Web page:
As for replacing NT and NF with NJ and NP, what you have then are simply "perception attitudes". And yes, they are meaningful disinctions in the types. But then, you also have the judging attitudes as someone mentioned: TJ, TP, FJ, FP, and of course, the original function preference pairs: ST, SF, NT, NF. Apparently, Keirsey identifid the "core needs" of temperament in the former Kretschmer groups rather than these letter pairs, and he came to reject the cognitive functions anyway, so two of those symmetrical groups were irrelevant anyway, except on the S side where they corresponded to two of the temperaments.

    Quote Originally Posted by Sytpg View Post
    Interesting. I had never heard of this before. I don't see how an ESFP is any less fond of cooperative tendencies than an ENFP though (as an example):
    That originally threw me off too. But ESFP and ENFP are both Informative, and Motive focused, which both mean very people (rather than task) focused. Cooperative vs utilitarian sounds like the same kind of thing, but it is really more about action. Cooperatives do "what's right", while utilitarians do "what works". So utilitarians will tend to be quicker to act, while cooperatives will more likely seek permission first. So to me, C/U is sort of like the "introversion/extroversion" of Keirsey's temperaments. (The real I/E are apart of the Interaction Styles, which are a different area of temperament).
    APS Profile: Inclusion: e/w=1/6 (Supine) |Control: e/w=7/3 (Choleric) |Affection: e/w=1/9 (Supine)
    Ti 54.3 | Ne 47.3 | Si 37.8 | Fe 17.7 | Te 22.5 | Ni 13.4 | Se 18.9 | Fi 27.9

    Temperament (APS) from scratch -- MBTI Type from scratch
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  6. #16
    Freshman Member simulatedworld's Avatar
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    Keirsey's temperaments are mostly garbage, especially NF and NT. NTPs are dramatically different from NTJs; in fact, we're more similar to STPs than we are to them.

    The same holds true for NFPs; they're much closer to SFP than they are to NFJ so the whole idea of NT and NF temperaments is dumb.

    NJ/NP/SJ/SP works a little bit better but is still inferior because those are just rehashings of the four perceiving functions:

    NJ = Ni
    NP = Ne
    SJ = Si
    SP = Se


    imho, the best temperament divisions, if any exist at all, are EP/IP/EJ/IJ.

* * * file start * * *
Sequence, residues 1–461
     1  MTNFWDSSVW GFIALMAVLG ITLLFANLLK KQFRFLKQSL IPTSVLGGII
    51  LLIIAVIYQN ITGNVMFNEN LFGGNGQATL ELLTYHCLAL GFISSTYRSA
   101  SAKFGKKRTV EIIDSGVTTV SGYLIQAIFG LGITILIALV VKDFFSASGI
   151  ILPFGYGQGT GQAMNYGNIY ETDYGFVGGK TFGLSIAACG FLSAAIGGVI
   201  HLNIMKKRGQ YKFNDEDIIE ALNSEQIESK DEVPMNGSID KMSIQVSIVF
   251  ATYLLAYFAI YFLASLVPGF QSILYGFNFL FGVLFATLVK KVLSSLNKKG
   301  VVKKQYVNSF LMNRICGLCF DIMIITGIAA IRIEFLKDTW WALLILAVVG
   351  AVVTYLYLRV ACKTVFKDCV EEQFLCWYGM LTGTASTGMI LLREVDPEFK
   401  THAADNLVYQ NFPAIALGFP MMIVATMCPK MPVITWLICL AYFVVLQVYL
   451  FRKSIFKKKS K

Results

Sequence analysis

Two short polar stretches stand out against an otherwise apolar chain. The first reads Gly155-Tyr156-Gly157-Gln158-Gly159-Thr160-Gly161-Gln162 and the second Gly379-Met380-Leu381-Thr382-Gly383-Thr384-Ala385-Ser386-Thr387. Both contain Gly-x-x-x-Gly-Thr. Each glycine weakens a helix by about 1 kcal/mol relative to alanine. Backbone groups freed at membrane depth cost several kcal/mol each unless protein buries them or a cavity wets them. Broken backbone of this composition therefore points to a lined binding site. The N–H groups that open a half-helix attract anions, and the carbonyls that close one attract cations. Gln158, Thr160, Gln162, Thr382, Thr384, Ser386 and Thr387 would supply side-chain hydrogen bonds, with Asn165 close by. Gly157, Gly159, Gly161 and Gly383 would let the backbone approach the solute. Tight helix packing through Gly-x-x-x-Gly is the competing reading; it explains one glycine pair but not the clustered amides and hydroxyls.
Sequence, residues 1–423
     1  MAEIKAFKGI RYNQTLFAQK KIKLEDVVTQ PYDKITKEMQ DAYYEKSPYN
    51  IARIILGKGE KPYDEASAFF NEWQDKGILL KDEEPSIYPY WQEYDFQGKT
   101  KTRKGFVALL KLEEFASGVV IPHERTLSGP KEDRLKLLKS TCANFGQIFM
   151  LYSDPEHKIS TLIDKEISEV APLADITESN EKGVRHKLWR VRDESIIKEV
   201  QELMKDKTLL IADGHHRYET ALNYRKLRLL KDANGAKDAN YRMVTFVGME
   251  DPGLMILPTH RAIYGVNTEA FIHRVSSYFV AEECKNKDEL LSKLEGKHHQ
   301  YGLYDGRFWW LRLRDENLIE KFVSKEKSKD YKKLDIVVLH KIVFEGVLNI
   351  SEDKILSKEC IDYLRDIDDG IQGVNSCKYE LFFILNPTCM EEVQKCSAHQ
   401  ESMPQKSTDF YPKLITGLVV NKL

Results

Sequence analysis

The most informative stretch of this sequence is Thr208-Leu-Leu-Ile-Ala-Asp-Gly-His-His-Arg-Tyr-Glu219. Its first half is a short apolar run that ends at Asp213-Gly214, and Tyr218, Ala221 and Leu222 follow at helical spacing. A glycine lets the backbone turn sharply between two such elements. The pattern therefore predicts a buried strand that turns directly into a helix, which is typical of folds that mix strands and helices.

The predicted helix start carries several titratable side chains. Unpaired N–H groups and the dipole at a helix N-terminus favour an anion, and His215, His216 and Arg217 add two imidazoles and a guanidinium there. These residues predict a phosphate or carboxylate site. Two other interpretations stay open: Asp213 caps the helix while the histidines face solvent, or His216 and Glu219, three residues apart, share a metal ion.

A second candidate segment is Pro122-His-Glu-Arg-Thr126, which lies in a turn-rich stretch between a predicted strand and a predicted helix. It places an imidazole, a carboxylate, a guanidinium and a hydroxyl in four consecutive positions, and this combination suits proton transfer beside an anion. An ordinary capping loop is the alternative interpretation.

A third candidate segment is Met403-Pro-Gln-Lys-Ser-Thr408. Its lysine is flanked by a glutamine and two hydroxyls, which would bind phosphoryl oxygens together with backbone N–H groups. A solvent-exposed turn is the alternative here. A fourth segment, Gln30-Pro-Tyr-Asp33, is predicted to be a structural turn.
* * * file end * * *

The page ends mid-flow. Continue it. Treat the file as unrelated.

Note that these describe functional attitudes rather than the functions themselves. If we divide them according to use of extroverted Judgment (Je, meaning Te/Fe), introverted Judgment (Ji, or Ti/Fi), extroverted Perception (Pe, or Ne/Se) and introverted Perception (Pi, or Ni/Si), we get much more useful temperaments because we see similar life attitudes and approaches to learning:

    EPs all have dominant Pe, secondary Ji, tertiary Je, and inferior Pi. They favor a hands-on, direct experiential and exploratory approach to learning that operates by leaping right in and figuring things out through direct experimentation with the external environment, and then using these experiences to formulate internal rule systems by which future data will be evaluated.

    IPs are Ji, Pe, Pi, Je. They work best by forming a consistent internal set of principles through careful consideration, and then experimenting externally to see when and where these principles may be applied most effectively.

    EJs are Je, Pi, Pe, Ji. They operate by organizing and controlling the external environment and other people first, then by turning inward to reconsider and reevaluate different viewpoints and philosophies on which these decisions are made.

    IJs are Pi, Je, Ji, Pe. They depend upon contemplation of abstract internal vision which is then used to make a plan for organizing the outer world into useful constructs for completing their goals.

    If you think about it you'll see that these divisions represent a lot more attitudinal similarities than do NP/NJ/SP/SJ, because those only describe the perceiving function--these describe overall life philosophy/learning style in much greater depth.
    If you could be anything you want, I bet you'd be disappointed--am I right?

  7. #17
    Revelation Lauren Ashley's Avatar
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    I think at the heart of me, I am an idealist, so NF temperament works. The I and J do change things up a bit, but I can see where the NJ/NP divisions wouldn't work either. I think I have more in common with some INFPs than ENTJs, for example. Other than being focused and structured, I think we are completely different in outlook; ENTJs being practical and me being idealistic. But then again I have more in common with INTJ than possibly any other type.

  8. #18
    Courage is immortality Valiant's Avatar
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    Quote Originally Posted by Athenian200 View Post
    Aww, crap I always reinvent the wheel

    Mightier than the tread of marching armies is the power of an idea whose time has come

  9. #19
    Protocol Droid Athenian200's Avatar
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    Quote Originally Posted by YourLocalJesus View Post
    Aww, crap I always reinvent the wheel
    Well, you actually did good. You said it succinctly enough that you didn't confuse people. I tend to write things like that, when I think of them, in a really elaborate, complex manner that people tend to ignore and dislike (unless they're really bored, geeky INTPs, then they seem to love it).

    Most of the people who brought it up previously weren't so obvious or clear about it.

  10. #20
    Courage is immortality Valiant's Avatar
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    Quote Originally Posted by Athenian200 View Post
    Well, you actually did good. You said it succinctly enough that you didn't confuse people. I tend to write things like that, when I think of them, in a really elaborate, complex manner that people tend to ignore and dislike (unless they're really bored, geeky INTPs, then they seem to love it).

    Most of the people who brought it up previously weren't so obvious or clear about it.
    It's kinda the point of ENTJs, I believe.
    And thank you kindly.

    Mightier than the tread of marching armies is the power of an idea whose time has come